116th P.V.I. Gettysburg Monument


The 116th P.V.I. at the monument, Tuesday, July 2, 2013 (150th Anniversary)


116th Monument at Gettysburg

"116th Pennsylvania Volunteer Infantry Regiment Attached to 2nd Brigade, 1st Division, 2nd Army Corps"

"The monument to the 116th Pennsylvania Volunteer Infantry Regiment is south of Gettysburg on Sickles Avenue. (39.79753° N, 77.24588° W; map)"

"About the monument to the 116th Pennsylvania: The monument was erected in 1888 and dedicated by the State of Pennsylvania on on September 11, 1889. It is a nine foot wide granite sephulchre supporting the sculpture of a fallen soldier lying next to a stone wall. The soldier was probably modelled after Sergeant Charles Gardner of the 110th Pennsylvania Infantry, who Major Mulholland's adjutant sketched after finding the sergeant lying dead on the field with a peaceful smile on his face."


116th Monument at Gettysburg

"The 116th Pennsylvania at Gettysburg: The 116th was commanded at the Battle of Gettysburg by Major St. Clair A. Mulholland, a Philadelphia painter born in County Antrim, Ireland. Mulholland was awarded the Medal of Honor for his actions at the Battle of Chancellorsville in May of 1863."

"By the time of the Battle of Gettysburg the regiment was reduced to a battalion of four companies. Company B was detached during the battle, serving as the Division Provost Guard." (Source: Stone Sentinels)


116th Monument at Gettysburg

"The sculptor was J. Henderson Kelly. He studied at the Pennsylvania Academy under Thomas Eakins from 1879 to 1882. He was a member of the Sketch Club from 1882 to 1884. Little is known of Kelly's life and works." (Source: The Philadelphia Sketchclub)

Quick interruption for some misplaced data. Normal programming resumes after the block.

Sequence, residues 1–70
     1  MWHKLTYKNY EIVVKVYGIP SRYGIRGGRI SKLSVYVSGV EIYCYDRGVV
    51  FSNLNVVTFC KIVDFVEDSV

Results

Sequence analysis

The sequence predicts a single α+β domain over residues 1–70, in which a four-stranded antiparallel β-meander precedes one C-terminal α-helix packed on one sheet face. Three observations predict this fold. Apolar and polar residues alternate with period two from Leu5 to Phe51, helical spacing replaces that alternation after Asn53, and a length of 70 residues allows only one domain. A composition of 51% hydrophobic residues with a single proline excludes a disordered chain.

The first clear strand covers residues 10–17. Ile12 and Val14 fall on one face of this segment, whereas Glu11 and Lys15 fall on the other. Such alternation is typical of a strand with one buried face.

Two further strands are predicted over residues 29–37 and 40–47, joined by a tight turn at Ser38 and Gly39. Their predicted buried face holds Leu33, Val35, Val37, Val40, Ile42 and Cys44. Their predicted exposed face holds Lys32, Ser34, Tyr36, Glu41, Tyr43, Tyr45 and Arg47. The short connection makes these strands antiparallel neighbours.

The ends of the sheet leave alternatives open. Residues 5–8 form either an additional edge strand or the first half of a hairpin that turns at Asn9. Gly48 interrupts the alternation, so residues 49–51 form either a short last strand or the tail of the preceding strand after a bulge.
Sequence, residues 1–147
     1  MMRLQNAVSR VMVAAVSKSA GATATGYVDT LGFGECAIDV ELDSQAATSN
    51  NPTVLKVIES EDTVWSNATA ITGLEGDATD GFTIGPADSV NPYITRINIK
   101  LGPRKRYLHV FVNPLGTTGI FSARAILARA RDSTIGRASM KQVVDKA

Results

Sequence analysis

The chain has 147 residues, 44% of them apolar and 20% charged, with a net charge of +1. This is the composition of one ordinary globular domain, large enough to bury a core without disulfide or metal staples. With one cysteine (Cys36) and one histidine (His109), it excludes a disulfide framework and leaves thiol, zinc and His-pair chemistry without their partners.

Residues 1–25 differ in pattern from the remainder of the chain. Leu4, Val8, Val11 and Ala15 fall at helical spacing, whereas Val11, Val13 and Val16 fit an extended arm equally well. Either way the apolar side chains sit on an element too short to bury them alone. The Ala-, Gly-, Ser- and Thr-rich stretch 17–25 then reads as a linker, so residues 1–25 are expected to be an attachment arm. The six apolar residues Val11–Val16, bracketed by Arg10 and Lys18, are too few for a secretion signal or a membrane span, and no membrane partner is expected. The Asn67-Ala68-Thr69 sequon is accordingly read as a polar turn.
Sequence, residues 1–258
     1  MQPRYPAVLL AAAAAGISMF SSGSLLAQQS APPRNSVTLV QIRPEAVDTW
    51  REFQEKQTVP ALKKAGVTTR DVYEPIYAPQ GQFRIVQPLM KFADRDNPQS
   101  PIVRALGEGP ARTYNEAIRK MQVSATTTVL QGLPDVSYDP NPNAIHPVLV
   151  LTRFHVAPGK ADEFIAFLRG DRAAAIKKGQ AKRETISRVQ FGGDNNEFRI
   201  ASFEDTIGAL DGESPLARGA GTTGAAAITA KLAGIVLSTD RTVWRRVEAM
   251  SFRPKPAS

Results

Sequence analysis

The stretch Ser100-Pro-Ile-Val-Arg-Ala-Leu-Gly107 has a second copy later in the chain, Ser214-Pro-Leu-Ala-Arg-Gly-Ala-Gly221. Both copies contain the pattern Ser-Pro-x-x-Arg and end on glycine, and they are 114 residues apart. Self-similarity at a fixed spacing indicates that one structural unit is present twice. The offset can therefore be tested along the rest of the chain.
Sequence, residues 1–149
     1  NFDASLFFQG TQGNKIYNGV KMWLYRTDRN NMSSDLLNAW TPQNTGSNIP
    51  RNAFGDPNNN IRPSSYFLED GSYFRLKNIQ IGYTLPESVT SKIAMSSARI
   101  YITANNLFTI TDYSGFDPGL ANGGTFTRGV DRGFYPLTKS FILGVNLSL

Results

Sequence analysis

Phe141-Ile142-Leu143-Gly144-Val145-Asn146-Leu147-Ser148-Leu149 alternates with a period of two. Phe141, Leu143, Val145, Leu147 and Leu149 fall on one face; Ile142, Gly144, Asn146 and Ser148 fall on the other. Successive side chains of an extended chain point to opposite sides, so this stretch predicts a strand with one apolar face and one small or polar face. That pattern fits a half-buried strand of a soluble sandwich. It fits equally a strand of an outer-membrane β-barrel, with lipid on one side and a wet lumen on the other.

"The Draw the Sword site helped out by the NPS narrative, the SIRIS site and my own observations offers the following description: Reclining figure of a fallen infantryman is installed on a long, rectangular pedestal and base. The figure lies at a farm fence in a rocky landscape. There is a polished trefoil, the corps insignia, on the front of the pedestal and a State Seal relief on the left face. It indicates the point from which the regiment drove the Confederates on the afternoon of July 2, 1863. The regiment held the position for about twenty minutes until forced to retire."


116th Monument at Gettysburg

"The monument was installed in 1888 and dedicated Sept. 11, 1889 by the survivors of the regiment. The monument is composed of: Sculpture: granite; Base: granite with bronze relief. The monument's dimensions are: Sculpture: approximately 50 x 84 x 40 inches; Base: approximately W. 9 feet 6 inches x D. 5 feet 8 inches. The monument was fabricated by J. Henderson Kelley. There are brief inscriptions on all four sides, all of which read: (Front): 116th Pennsylvania Infantry 2nd Brig. 1st Div. 2nd Corps. (Back): 2nd Brigade. July 2, 1863 In action 142 officers and men, Killed and wounded 37 (Left): Irish Brigade. (Right): 1st Division." (Source:Waymarking)

John Moore of Getty Images took this image which appeared on CBS Philadelphia's website.
reclining l-r: Jack Helm & Dave Hockenberry, kneeling l-r: Mike Robertson, John Tadler,
Paddy Devlin, Andy Vandall & Dave Ward, standing l-r: Tyler Putman, Steve Hawkins,
Ron Maness, Keith Murray, Mike Kraus, Craig Geppert, Anthony Schatz, Lance Carroll,
Joe Calzarette & KC Kirkman
GETTYSBURG, PA - JULY 02: (Top photo) Union Civil
War re-enactors from the 116th Pennsylvania pose for a
group photo on the battlefield known as The Wheatfield on July 2, 2013 in Gettysburg, Pennsylvania. Thousands of re-enactors had converged on Gettysburg for the 150th anniversary of the historic battle, which occurred between July 1-3, 1863. (Photo by John Moore/Getty Images) GETTYSBURG, PA - JULY 1863: (Bottom photo) Officers of 50th Pennsylvania Infantry, a regiment of the Union Army, pose for a portrait in July, 1863 in Gettysburg, Pennsylvania. (Photo by William Morris Smith/Library of Congress/Getty Images)